What's it like to be homeless? "It sucks." - Brainerd Dispatch, MN
Two men, Rick Robertson and Michael Thomas, both single dads with kids, are receiving help and staying at New Pathways while trying to cope with being homeless.
A single dad, Rick Robertson arrived at New Pathways in July with his two children, 5-year-old Alivia and 6-year-old Brandon. The 43-year-old from Aitkin said he had no place to go and couldn't find low-income housing. A car mechanic, Robertson is losing his sight and is now receiving disability. He estimated he could pay $300 for rent. He said coming to the shelter was a hard decision to make.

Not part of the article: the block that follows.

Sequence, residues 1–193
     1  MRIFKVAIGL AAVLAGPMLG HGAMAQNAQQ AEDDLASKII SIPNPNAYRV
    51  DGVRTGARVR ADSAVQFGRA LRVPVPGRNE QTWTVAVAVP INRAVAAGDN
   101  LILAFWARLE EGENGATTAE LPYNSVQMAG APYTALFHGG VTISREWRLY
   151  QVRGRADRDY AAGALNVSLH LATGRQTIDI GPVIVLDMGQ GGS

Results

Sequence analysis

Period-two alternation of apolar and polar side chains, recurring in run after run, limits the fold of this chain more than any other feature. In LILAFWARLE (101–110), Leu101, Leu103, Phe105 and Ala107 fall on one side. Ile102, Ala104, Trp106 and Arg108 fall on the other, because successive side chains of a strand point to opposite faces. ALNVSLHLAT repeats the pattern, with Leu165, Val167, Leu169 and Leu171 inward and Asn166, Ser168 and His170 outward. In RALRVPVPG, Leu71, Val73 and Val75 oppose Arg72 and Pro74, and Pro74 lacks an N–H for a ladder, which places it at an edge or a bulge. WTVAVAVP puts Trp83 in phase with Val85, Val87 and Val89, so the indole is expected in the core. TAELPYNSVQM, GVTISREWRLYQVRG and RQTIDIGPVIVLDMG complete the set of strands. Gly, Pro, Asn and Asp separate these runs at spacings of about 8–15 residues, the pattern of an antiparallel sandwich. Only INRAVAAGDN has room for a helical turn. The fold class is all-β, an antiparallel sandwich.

"You always provide for your kids, you know, makes it hard to come in," Robertson said, especially for fathers. "But I'm glad I did ... You got to do it for the kids, that's about it, to get them a better life."
Michael Thomas, 42, drove a truck for 18 years but said it wasn't a life for a child and when he gained custody of his son Ashton, 9, he got off the road. On his low income, Thomas said he couldn't find a place and was on a waiting list for affordable housing. Bridges of Hope linked him to the New Pathways' shelter. Before coming to the shelter, he was staying in a friend's basement and then on other friends' couches. It took awhile before he thought of himself as homeless. When Thomas thought of homeless people, he envisioned the people living in cardboard boxes or under freeways.
"My first thought was that was going to be me," he said.
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